Experts Warn There’s A 100% Certainty Earth Will Be Hit By An Asteroid
There is a 100 percent certainty that earth will be hit by an asteroid. This is the warning of a group of experts who concluded that the planet's current asteroid detecting technology just can't keep track of every possible space-based threat out there.
The B612 Foundation issued the warning after calculating that even with all the telescopes in the world will not be able to track the millions of asteroids in near earth orbit. The Inquisitr reported that the B612 Foundation is actually legit and that its members are composed of engineers, astronomers, and other scientists who care about the risks posed by these rogue space rocks.
Everyone knows just how devastating an asteroid could be once it hits the earth. One such space rock landed somewhere in the Yucatan peninsula 65 million years ago. The devastation was on a scale that's hard to imagine. The impact created a crater 186 miles in diameter and even caused the extinction of the dinosaurs, according to National Geographic.
Recognizing this danger, NASA started tracking larger asteroids in 2005, News.com.au reported. The project only limited itself to asteroids larger than 140 meters in diameter. To date, it has tracked around 90 percent of these asteroids or around 18,000. Of those 18,000 being currently tracked, NASA says none of them pose an immediate threat. However, no data is yet available for the 10 percent that has not been tracked.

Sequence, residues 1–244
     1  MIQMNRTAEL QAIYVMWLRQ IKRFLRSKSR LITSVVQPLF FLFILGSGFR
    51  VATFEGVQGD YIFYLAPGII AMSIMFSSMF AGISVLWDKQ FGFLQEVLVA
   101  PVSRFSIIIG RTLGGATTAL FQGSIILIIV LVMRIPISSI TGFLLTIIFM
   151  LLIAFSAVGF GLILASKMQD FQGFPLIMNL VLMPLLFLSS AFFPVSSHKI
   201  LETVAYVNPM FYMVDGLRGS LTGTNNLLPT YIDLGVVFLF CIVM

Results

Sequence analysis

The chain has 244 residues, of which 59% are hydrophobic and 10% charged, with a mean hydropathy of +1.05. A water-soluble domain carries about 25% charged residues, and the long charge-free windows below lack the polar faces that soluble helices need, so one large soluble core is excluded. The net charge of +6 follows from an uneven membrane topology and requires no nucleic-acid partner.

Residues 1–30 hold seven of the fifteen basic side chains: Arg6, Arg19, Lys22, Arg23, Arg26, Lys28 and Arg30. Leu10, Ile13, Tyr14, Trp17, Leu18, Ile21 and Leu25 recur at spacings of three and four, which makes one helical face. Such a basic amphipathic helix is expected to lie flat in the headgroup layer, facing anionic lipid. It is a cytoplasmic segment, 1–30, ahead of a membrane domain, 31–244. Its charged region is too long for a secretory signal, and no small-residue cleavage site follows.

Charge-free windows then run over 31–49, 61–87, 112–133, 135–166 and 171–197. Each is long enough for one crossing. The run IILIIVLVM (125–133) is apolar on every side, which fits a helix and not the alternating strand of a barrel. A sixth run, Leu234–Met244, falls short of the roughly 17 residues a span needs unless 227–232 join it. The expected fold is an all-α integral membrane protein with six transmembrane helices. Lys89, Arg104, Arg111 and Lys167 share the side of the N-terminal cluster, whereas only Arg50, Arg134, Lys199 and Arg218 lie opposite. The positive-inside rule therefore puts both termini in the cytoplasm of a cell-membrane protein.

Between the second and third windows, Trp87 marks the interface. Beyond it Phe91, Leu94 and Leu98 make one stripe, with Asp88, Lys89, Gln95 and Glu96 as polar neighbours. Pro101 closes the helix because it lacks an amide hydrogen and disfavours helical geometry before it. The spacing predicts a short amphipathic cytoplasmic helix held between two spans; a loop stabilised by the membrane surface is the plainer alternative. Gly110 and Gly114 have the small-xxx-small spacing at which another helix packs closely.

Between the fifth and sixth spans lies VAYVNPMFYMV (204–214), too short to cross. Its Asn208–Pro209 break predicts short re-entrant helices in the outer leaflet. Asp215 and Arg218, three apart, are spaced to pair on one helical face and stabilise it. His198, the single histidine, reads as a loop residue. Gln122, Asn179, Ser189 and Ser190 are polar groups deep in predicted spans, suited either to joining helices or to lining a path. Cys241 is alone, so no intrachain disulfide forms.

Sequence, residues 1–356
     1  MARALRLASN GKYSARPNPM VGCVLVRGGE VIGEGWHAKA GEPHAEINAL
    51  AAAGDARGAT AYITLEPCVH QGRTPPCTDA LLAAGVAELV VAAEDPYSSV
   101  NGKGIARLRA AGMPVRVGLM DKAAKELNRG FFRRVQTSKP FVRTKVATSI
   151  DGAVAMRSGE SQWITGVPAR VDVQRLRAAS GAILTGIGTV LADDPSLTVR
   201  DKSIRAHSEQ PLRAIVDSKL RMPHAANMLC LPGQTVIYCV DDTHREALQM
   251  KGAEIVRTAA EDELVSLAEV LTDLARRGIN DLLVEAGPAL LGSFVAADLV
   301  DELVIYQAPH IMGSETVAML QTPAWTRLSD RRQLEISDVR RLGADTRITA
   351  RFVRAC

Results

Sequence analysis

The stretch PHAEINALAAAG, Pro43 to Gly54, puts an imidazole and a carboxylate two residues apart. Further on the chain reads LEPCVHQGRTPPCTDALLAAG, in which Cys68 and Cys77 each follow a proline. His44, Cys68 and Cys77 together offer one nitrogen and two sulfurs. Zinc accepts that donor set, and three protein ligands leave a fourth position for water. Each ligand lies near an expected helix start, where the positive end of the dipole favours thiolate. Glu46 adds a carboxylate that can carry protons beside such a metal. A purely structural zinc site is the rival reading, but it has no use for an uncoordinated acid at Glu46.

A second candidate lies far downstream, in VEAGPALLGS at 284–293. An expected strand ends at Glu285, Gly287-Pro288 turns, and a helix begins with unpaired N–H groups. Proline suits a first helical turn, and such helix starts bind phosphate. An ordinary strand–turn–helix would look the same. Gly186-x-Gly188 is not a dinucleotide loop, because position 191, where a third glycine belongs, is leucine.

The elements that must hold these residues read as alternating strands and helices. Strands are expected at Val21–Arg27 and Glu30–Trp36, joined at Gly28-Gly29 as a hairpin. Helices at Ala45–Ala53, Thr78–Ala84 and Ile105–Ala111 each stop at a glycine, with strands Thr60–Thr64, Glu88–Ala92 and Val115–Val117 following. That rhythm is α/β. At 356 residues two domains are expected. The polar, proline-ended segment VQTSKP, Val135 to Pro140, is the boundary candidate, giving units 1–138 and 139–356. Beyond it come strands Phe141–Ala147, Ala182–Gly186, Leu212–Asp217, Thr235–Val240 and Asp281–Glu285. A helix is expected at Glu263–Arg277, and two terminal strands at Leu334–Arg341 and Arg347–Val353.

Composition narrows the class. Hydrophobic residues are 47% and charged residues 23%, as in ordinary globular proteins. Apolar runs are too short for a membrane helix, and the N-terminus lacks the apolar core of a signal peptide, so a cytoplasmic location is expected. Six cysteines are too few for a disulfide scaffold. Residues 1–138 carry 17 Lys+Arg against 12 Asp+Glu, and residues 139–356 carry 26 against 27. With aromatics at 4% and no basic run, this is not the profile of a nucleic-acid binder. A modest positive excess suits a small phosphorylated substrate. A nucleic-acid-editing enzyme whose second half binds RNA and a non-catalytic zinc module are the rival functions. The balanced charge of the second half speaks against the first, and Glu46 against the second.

But that's not all. Since NASA only restricted its tracking to asteroids with diameters of 140 meters and above, the agency left a lot more of their smaller asteroids untracked. Estimates say there are millions of asteroids with diameters ranging from 15 to 140 meters in near earth orbit.
Just because they're smaller does not mean they are less dangerous. In fact, a Science News article already calculated the potential death toll for these smaller-sized asteroids. According to the publication, a 50-meter wide asteroid will kill around 4,126 people. On the other hand, a space rock twice that size (100 meters) will result in 18,424 deaths.
"The telescopes' field of view is very small and the sky is very big," B612 president Danica Remy explained. She also added that it's a matter of time, saying "It's 100 percent certain we'll be hit, but we're not 100 percent certain when."